In Abortion Battle, the Tie Went to the Congress
Legal scholars and historians are going to be fighting for decades over the scope and meaning of yesterday's big abortion ruling. Journalists already are offering their own perspectives on one of the biggest cases of the term and certainly the biggest victory for anti-abortion advocates in a generation. And of course the rest of you already seem to be fighting over it (if the comments to my last post are any indication).
Me? Putting aside the emotional nature of this debate for partisans on both sides, I find the most fascinating aspect of the ruling to be the way the Court's majority upheld the federal ban against these sorts of abortion procedures despite the fact that no fewer than three different trial judges, and three separate appellate courts, determined after three hotly-contested trials that the procedure in question often is the most appropriate medical procedure. In other words, when given the choice between the suspect Congressional findings that purported to support the law (I say "suspect" because every court but the Supreme Court said so) and the findings of the federal judges who held long and complicated trials, Justice Anthony M. Kennedy and Company chose the former over the latter.
And whereas the Court seven years ago in its earlier ruling on this issue declared that a lack of unanimous medical consensus on the necessity of the procedure required the law to continue to recognize an exception allowing the procedure where the woman's health was at stake, the Court yesterday declared that this lack of medical unanimity meant the precise opposite-- that Congress could ban the procedure outright. Justice Kennedy wrote: "The question becomes whether the Act can stand when this medical uncertainty persists. The Court's precedents instruct that the Act can survive this facial attack. the Court has given state and federal legislatures wide discretion to pass legislation in areas where there is medical and scientific uncertainty."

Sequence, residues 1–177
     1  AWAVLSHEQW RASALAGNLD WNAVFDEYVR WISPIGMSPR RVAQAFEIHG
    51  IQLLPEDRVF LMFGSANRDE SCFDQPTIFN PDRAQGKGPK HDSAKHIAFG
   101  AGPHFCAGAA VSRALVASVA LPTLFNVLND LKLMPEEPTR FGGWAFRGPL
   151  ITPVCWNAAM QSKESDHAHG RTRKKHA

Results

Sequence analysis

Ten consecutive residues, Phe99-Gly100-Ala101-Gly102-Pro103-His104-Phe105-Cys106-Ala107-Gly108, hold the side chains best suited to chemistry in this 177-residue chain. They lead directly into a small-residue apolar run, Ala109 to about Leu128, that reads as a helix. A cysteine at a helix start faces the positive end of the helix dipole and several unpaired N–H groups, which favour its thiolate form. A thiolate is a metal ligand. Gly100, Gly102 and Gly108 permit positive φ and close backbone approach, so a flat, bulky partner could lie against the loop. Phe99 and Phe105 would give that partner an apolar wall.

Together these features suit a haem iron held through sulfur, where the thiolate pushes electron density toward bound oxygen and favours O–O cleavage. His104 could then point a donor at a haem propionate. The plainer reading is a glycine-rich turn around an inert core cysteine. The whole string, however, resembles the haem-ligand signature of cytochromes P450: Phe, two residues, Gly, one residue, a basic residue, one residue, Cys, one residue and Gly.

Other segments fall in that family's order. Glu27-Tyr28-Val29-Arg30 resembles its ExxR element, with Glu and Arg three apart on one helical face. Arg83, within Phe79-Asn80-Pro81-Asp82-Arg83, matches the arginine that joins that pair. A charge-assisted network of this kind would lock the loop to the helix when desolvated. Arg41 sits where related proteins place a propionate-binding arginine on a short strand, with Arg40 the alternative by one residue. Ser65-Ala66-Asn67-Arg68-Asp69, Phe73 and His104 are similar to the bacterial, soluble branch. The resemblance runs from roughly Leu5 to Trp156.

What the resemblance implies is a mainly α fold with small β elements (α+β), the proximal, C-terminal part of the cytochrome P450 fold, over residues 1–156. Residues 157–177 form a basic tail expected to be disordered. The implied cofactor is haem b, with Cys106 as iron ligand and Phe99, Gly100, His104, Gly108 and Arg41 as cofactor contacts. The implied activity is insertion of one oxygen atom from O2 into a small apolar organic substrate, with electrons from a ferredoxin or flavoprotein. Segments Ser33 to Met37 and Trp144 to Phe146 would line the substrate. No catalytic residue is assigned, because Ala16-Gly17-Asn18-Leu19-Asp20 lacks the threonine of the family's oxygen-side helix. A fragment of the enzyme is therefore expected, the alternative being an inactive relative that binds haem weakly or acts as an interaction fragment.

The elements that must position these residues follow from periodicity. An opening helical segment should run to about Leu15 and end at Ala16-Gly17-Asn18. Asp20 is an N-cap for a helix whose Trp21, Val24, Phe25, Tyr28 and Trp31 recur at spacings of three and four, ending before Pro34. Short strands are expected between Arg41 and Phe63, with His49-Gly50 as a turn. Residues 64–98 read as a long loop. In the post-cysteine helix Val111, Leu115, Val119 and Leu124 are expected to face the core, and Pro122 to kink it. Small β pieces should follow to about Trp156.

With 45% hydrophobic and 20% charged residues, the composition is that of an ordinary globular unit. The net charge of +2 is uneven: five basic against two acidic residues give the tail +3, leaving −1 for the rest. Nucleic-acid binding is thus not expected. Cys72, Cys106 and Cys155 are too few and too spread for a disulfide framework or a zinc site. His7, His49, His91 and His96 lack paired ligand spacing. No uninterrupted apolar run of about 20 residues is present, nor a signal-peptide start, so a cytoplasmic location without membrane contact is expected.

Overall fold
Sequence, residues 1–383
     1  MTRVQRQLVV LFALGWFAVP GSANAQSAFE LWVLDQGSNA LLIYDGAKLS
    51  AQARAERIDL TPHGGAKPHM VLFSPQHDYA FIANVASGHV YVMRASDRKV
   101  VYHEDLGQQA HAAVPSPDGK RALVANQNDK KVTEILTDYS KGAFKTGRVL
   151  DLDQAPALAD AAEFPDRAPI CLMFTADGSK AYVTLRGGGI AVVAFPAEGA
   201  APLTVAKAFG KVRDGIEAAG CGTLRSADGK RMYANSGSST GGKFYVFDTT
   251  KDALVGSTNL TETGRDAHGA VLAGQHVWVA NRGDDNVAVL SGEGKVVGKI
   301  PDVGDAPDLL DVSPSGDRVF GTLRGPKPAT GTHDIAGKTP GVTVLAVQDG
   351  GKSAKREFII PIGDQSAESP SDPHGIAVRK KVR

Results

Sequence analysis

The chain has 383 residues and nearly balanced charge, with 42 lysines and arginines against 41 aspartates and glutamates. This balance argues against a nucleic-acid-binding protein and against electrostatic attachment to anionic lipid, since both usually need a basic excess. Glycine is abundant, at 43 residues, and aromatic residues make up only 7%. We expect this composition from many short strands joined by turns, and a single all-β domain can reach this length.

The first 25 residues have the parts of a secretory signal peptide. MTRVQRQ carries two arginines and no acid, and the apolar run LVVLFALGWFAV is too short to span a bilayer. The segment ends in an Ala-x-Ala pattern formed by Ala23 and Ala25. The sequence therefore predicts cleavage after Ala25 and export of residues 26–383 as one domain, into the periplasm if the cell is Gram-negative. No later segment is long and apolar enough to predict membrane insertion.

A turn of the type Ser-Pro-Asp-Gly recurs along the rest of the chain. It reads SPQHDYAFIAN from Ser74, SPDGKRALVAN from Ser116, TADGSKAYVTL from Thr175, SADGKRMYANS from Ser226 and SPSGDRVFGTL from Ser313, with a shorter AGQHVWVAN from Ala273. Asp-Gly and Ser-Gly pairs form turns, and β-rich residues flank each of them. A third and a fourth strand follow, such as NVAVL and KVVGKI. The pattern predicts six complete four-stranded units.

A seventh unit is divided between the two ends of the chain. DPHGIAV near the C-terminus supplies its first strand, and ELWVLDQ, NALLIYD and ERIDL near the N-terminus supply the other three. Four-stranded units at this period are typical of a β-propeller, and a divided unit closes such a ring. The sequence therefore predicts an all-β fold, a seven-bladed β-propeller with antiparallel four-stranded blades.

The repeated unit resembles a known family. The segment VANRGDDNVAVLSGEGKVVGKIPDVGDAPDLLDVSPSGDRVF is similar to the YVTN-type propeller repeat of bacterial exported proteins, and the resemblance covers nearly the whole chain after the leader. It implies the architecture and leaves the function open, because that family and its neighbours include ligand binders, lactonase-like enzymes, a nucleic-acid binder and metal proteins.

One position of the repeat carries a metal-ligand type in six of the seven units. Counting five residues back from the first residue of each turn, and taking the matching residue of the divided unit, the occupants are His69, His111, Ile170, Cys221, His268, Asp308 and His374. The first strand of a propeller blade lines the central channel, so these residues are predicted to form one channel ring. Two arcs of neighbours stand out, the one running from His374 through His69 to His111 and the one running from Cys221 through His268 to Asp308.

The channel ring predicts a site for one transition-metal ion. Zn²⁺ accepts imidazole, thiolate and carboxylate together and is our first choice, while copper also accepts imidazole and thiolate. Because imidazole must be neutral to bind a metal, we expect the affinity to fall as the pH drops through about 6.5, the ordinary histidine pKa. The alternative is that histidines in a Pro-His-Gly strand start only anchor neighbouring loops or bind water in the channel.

In her stinging dissent, Justice Ruth Bader Ginsburg focused upon this methodology. She wrote that Kennedy's assertion is "bewildering. Not only does it defy the Court's longstanding precedent affirming the necessity of a health exception, with no carve-out for circumstances of medical uncertainty, it gives short shrift to the records before us, carefully canvassed by the District Courts. Those records indicate the the 'majority of highly-qualified experts on the subject believe [the procedure] to be the safest, most appropriate procedure under certain circumstances.'" For me, this exchange begged the question: what was the point of the three trials, and the three appellate court rulings? Hopefully history, or a future ruling, will help answer that question.
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